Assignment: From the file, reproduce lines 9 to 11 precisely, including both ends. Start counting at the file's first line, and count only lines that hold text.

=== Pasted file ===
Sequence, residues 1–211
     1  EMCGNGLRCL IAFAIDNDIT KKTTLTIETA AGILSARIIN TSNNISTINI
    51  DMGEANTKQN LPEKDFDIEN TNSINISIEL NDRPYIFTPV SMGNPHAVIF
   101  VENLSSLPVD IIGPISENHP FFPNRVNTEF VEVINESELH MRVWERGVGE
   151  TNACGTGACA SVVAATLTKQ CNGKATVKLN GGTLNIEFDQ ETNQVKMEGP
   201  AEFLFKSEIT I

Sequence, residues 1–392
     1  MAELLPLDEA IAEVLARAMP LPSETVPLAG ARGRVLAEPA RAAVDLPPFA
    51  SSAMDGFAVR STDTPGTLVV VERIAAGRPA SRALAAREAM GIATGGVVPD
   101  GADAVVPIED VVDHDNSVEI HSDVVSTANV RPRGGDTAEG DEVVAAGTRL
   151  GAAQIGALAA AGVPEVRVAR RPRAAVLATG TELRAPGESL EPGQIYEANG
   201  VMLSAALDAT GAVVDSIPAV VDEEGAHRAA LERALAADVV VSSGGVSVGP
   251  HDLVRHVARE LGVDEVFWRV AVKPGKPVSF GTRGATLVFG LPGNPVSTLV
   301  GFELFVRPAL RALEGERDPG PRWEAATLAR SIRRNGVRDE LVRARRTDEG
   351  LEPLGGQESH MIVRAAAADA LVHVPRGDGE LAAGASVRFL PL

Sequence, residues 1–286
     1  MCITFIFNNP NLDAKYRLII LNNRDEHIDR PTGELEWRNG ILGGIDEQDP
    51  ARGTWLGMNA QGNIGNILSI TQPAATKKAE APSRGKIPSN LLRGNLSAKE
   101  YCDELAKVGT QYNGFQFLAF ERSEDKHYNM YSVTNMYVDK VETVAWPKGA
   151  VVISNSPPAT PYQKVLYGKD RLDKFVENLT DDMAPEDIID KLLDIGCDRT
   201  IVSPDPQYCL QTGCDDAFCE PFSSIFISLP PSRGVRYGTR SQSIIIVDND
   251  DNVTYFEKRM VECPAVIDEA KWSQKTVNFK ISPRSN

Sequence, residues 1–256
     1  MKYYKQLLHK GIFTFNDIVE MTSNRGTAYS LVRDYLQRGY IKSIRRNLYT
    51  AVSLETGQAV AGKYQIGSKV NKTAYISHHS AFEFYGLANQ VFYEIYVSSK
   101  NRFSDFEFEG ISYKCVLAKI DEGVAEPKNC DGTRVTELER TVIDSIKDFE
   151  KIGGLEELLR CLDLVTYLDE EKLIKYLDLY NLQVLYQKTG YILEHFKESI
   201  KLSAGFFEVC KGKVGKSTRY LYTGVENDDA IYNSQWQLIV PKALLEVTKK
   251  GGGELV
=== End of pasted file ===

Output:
    51  SSAMDGFAVR STDTPGTLVV VERIAAGRPA SRALAAREAM GIATGGVVPD
   101  GADAVVPIED VVDHDNSVEI HSDVVSTANV RPRGGDTAEG DEVVAAGTRL
   151  GAAQIGALAA AGVPEVRVAR RPRAAVLATG TELRAPGESL EPGQIYEANG